Tag Archives: Home Sweet Home

The House I Grew Up In

home sweet home

It’s been many years since I lived in the suburbs and over 10 since I lived in the house I grew up in. Enamored by the Edenridge neighborhood of Wilmington, Delaware, my parents bought the house in the 90s when absolutely nothing in it had been updated since the 70s. After spending two years living in a construction site, as the kitchen had to be completely gutted and the electric green shag carpets burned, we ended up with a masterpiece of a house custom made for us. Naturally, it was hard to leave when we did. So whenever I come home to visit, I can’t help but drive by the house where I grew up in and reminisce about a simpler time.




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Tips for a Chic Winter Home


Winter decorating is like wrapping your whole home in a cozy sweater, it looks chic, feels satisfying and somehow makes you less grumpy about scraping icy windshields in the morning. If you think winterizing your home is all about putting up storm windows and wrapping pipes, read the following tips to inspire a winter wonderland of your own.

Tis Not the Season

Winter decorating isn’t the same as decorating for the holidays. It’s an opportunity to spruce up your home and make the indoor environment cheery even when things look dismal outside. We spend more time indoors during the winter, so why not make the indoors as comfortable as possible? You don’t have to turn your home into a mountain lodge to give it a wintry look (though you certainly could). Use this quick list of dos and don’ts, with ideas from HGTV, to help you add chic, seasonal flair to any room:

  • Add Texture: You wear heavier fabrics in the winter and so should your home. Look for pillows, throws and other accessories in traditional winter fabrics like wool, leather, heavy cottons and nubby knits. Think of cable knits, soft suedes and herringbone tweeds. Fabrics with a sheen or touch of sparkle are also considered textural.
  • Add Color: Snowy white isn’t the only color that evokes thoughts of winter. All “cool” colors can be used for winter decorating. Icy blue, pine green, touches of gold and silver, and even cool-toned shades of purple fit the bill. Choose accents that will complement your existing color scheme.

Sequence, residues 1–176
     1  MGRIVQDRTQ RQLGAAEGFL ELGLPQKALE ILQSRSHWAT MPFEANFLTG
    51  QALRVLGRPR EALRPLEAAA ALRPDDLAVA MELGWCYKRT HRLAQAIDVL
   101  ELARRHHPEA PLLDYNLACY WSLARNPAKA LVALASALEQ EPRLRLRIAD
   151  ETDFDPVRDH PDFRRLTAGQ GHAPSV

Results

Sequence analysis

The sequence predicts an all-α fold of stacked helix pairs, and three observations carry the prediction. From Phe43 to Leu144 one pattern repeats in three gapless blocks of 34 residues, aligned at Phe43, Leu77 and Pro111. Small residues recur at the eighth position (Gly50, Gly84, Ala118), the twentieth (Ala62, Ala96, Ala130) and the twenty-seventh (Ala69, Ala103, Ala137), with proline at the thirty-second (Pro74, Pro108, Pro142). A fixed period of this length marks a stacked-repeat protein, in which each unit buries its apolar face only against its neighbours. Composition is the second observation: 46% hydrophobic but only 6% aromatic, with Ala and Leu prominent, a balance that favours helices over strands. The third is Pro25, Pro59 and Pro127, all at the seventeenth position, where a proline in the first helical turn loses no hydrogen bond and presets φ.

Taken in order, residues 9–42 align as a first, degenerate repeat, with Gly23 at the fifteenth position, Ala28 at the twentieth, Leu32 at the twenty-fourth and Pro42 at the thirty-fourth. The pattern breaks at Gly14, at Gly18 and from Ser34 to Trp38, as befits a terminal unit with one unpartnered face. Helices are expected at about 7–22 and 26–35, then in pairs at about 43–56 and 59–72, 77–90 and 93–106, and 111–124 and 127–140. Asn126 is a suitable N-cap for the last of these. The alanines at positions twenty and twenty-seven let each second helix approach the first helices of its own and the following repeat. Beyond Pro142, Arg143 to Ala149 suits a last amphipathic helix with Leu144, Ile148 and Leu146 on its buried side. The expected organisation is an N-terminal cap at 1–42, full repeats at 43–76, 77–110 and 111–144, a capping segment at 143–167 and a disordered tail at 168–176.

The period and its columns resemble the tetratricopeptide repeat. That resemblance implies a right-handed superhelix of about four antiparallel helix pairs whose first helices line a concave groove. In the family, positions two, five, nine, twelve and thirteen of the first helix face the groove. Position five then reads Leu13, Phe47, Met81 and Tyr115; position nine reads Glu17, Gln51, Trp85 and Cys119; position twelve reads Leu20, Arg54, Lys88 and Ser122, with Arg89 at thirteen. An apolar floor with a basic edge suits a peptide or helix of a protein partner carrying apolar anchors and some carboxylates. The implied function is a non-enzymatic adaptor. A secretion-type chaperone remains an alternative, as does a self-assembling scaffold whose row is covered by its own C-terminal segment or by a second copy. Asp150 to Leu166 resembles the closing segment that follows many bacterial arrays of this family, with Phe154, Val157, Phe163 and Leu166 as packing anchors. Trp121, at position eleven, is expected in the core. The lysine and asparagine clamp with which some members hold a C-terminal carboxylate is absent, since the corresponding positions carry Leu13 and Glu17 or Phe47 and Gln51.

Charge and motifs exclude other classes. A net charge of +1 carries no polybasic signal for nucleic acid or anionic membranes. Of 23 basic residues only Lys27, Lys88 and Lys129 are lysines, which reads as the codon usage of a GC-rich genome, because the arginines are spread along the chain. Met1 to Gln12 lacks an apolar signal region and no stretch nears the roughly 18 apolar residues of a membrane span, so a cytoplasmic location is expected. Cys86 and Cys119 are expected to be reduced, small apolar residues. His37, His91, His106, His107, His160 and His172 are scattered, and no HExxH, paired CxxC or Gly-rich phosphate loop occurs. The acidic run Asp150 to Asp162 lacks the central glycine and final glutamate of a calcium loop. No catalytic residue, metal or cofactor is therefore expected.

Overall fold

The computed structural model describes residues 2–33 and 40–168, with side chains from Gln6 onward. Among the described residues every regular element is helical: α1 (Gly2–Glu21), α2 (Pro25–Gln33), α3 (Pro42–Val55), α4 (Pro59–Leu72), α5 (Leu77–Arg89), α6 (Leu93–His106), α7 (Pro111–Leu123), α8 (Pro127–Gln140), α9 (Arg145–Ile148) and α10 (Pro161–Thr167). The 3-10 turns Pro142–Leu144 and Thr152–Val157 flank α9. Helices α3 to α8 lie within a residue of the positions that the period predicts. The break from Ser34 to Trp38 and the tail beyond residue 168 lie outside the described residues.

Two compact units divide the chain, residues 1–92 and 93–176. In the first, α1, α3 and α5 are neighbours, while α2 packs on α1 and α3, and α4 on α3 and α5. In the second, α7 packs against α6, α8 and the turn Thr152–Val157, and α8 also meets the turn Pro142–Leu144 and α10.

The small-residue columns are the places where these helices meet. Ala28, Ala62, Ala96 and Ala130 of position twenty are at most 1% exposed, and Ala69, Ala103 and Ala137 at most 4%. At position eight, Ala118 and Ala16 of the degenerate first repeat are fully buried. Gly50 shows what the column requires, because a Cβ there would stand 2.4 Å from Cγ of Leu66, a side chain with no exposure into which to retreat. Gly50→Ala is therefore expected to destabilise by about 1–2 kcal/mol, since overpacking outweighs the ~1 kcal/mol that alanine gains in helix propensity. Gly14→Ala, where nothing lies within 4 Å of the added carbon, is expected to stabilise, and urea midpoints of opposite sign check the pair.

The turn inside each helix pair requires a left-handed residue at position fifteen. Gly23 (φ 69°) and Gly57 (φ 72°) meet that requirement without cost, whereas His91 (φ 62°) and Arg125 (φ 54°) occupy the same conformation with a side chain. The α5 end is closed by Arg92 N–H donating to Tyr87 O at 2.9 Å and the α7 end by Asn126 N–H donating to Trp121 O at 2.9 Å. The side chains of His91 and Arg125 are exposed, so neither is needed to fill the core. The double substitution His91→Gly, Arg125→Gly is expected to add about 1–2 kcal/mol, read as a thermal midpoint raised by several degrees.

• Stick with your Style: Don’t try to change the entire direction of your décor. If your home is minimalist, choose no-fuss items like a bright white throw rug, a silver metallic lamp and a glass bowl full of white marbles as winter accents. The idea is to complement your décor with seasonal touches, not reinvent the room.
  • Look to nature for inspiration: But, avoid literal translation. Choose decorative accessories that remind you of icicles, snowflakes and snow-covered mountains, but leave the plastic icicles, snowflake-shaped pillows and photos of snow-capped mountains in the store.

Window Treatment

Changing window treatments is one of the easiest and most effective ways to refresh winter décor. If you currently have light and breezy window coverings, changing them is also a smart way to reduce energy costs and keep your home warmer. Swapping less weather efficient treatments for cellular shades adds texture to your décor and helps keep out the cold. Better Homes and Gardens recommends using twin blankets as temporary winter curtains instead of more expensive window treatments. A wool blanket draped over honeycomb shades would add both practical insulation and rustic appeal to a family room or bedroom, especially a plaid or Pendleton-style blanket.

Safety is Sexy

Most of the winterizing we do, whether it’s aesthetic or functional, is meant to keep winter’s chill away. However, the CDC warns that the more we seal up our homes, the more carbon monoxide, radon and other toxins we lock in. According to WebMD asthma and allergies can flare in the winter due to mold that occurs from poor ventilation. As part of your winter decorating tradition, perform a radon test in your home and check the batteries in your CO detectors. Have your gas appliances maintained regularly and make sure vents work properly. No amount of beautiful accessorizing can substitute for a healthy winter home.

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